Answer: The law (or principle or rule) of first mention is a guideline that some people use for studying Scripture. The law of first mention says that, to understand a particular word or doctrine, we must find the first place in Scripture that word or doctrine is revealed and study that passage. The reasoning is that the Bible’s first mention of a concept is the simplest and clearest presentation; doctrines are then more fully developed on that foundation. So, to fully understand an important and complex theological concept, Bible students are advised to start with its “first mention.”
Here’s an example of following the law of first mention: the first time blood is mentioned in the Bible is Genesis 4:10, when God asks the murderer Cain, “What have you done? Listen! Your brother’s blood cries out to me from the ground.” Based on this first mention of blood, the student concludes that blood equals human life. Later, we learn that God’s justice requires the blood (life) of murders (Genesis 9:6). Combining the concepts of blood and judgment, we see God executing the firstborn of Egypt but passing over the Israelites who mark their doors with the blood of a lamb (Exodus 12:1–13)—this introduces us to the idea of a substitute, an animal’s life given in exchange for a human sinner’s life. Later, God directs Moses in the building of the altar: “For the life of a creature is in the blood, and I have given it to you to make atonement for yourselves on the altar; it is the blood that makes atonement for one’s life” (Leviticus 17:11). Jumping to Isaiah 53:5, we have a prophecy of a Substitute for all sinners: “But he was pierced [i.e., He bled] for our transgressions, he was crushed for our iniquities; the punishment that brought us peace was on him, and by his wounds we are healed.” In the New Testament, John the Baptist calls Jesus “the Lamb of God who takes away the sins of the world” (John 1:29; see also Revelation 5:6—surely a bloody lamb). Jesus was insistent that His purpose in coming to earth was to shed his blood (life) for all people (Mark 8:31–33; 10:45). The Epistles further explain: “Without the shedding of blood there is no forgiveness” (Hebrews 9:22); “The blood of Jesus . . . purifies us from all sin” (1 John 1:7).
Genesis, the book of beginnings, naturally contains many “first mentions,” including the foundations of these doctrines and concepts: divine omnipotence, creation, paradise, marriage, family, sin, sacrifice, atonement, angels, prayer, judgment, covenant, government, death, burial, etc. When asked about marriage, Jesus pointed to two “first mention” passages: “Haven’t you read . . . that at the beginning the Creator ‘made them male and female,’ and said, ‘For this reason a man will leave his father and mother and be united to his wife, and the two will become one flesh’?” (Matthew 19:4–5; cf. Genesis 1:27; 2:24).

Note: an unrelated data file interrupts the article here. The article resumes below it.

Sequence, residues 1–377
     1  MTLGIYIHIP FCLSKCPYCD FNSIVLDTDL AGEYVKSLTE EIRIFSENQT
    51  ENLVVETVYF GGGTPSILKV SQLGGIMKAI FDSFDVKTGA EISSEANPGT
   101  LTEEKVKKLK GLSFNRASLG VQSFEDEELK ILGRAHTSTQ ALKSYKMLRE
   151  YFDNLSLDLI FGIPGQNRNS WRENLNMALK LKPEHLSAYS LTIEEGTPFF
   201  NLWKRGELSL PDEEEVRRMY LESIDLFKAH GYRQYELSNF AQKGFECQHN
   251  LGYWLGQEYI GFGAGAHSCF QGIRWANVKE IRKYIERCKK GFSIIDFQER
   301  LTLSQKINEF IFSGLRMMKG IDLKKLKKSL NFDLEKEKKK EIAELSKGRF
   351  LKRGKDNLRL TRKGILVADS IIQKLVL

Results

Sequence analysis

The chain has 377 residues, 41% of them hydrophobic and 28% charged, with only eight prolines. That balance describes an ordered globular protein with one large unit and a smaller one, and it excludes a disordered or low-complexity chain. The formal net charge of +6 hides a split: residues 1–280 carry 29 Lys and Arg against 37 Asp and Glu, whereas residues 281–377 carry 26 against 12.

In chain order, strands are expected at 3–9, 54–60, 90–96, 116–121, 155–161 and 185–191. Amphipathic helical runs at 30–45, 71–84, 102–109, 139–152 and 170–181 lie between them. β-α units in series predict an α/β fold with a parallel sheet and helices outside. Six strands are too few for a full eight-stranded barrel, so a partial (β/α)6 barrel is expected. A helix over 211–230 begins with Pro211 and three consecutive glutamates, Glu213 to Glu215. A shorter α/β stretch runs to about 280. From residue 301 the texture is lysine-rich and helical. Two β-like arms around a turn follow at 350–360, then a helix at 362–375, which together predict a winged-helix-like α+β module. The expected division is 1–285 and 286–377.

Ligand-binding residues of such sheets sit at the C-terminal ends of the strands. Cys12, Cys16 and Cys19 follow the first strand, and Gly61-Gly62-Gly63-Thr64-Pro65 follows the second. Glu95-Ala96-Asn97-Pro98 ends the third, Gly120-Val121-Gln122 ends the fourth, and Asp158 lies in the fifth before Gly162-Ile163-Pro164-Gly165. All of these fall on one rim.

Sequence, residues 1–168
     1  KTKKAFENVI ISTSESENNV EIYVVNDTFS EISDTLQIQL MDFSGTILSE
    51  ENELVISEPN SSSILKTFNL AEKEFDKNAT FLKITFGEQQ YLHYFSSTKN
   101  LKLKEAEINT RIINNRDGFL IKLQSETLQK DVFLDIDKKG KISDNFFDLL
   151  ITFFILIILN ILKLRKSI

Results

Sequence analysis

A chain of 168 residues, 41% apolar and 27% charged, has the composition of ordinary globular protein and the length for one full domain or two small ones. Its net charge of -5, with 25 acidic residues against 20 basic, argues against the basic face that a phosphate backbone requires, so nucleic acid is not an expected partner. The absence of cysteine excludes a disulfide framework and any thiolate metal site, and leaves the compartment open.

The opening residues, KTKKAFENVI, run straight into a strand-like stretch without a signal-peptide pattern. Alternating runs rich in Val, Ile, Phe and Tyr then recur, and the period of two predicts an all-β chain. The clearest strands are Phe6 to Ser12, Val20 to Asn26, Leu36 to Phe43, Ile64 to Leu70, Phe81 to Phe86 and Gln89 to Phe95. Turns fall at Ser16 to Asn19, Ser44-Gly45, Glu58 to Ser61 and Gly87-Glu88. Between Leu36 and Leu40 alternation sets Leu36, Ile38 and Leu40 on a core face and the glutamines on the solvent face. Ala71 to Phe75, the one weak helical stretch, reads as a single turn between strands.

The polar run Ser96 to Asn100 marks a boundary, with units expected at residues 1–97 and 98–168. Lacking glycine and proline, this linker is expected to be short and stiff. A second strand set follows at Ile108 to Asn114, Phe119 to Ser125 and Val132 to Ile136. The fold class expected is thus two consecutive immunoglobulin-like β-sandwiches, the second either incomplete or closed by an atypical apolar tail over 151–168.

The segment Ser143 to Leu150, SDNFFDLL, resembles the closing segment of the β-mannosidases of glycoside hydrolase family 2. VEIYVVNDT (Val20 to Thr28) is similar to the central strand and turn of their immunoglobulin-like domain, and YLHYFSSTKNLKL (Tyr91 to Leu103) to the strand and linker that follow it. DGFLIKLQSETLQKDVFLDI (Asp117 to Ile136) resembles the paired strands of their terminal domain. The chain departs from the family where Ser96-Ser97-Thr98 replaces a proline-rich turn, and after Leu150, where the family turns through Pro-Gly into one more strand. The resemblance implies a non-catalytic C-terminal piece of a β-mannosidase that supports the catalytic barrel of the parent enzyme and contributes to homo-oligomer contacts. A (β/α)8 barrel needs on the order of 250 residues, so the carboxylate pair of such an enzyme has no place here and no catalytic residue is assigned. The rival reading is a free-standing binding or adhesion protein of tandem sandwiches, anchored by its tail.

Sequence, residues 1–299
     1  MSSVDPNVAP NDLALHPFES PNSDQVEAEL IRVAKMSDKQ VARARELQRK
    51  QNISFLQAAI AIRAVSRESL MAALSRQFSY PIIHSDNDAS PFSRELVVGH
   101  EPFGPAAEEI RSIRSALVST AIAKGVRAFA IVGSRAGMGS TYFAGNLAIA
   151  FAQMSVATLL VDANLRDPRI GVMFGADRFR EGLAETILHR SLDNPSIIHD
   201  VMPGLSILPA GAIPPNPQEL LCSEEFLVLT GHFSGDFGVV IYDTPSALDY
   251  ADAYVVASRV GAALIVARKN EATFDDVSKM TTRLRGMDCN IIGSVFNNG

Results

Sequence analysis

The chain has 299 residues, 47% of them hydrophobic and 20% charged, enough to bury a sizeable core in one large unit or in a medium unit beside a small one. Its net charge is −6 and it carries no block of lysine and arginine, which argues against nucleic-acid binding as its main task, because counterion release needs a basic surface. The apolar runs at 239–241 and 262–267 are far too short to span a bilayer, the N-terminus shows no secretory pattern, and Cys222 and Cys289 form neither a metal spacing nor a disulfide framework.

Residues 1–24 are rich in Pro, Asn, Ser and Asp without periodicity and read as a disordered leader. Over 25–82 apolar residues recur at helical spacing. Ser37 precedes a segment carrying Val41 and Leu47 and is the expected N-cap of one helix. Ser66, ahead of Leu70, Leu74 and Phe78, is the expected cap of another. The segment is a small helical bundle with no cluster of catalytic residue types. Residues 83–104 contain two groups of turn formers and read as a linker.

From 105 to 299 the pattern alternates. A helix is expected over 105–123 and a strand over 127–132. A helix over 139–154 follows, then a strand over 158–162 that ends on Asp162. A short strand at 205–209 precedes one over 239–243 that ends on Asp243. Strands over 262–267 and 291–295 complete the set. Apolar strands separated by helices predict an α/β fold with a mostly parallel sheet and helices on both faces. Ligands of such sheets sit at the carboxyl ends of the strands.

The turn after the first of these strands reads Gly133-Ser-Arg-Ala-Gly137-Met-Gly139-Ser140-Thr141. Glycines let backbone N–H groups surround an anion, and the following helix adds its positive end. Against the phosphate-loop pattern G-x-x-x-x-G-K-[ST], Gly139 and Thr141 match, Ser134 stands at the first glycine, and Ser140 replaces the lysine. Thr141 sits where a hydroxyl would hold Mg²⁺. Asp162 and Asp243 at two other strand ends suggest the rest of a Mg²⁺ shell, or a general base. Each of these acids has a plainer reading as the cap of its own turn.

As we can see, the law of first mention has some value in the science of hermeneutics. The rules of hermeneutics for studying Scripture may number from a few to a dozen or more, depending on the scholar or teaching institution, but the law of first mention is consistently included. Studying all the Bible has to say about a particular doctrine, including its first mention, is commendable. “Be diligent to present yourself approved to God as a workman who does not need to be ashamed, accurately handling the word of truth” (2 Timothy 2:15).
When following the law of first mention, we must be careful to also follow the other rules of hermeneutics. We cannot ignore context, for example. The fact that the first mention of a serpent in the Bible (in Genesis 2) is associated with Satan doesn’t mean that every mention of a serpent in the Bible should be interpreted as satanic (the serpent on the pole in Numbers 21:9 is a type of Christ, according to John 3:14).
One of the weaknesses of the law of first mention is the difficulty of knowing what comes “first” sometimes. Are we to look at the Scriptures strictly chronologically? According to the order of the books as we have them now? Or according to the order of the books as found in the Hebrew Bible? The law of first mention is not a hard-and-fast rule, but it can be a useful guideline for in-depth Bible study, as long as it is applied in conjunction with the other rules of solid hermeneutics.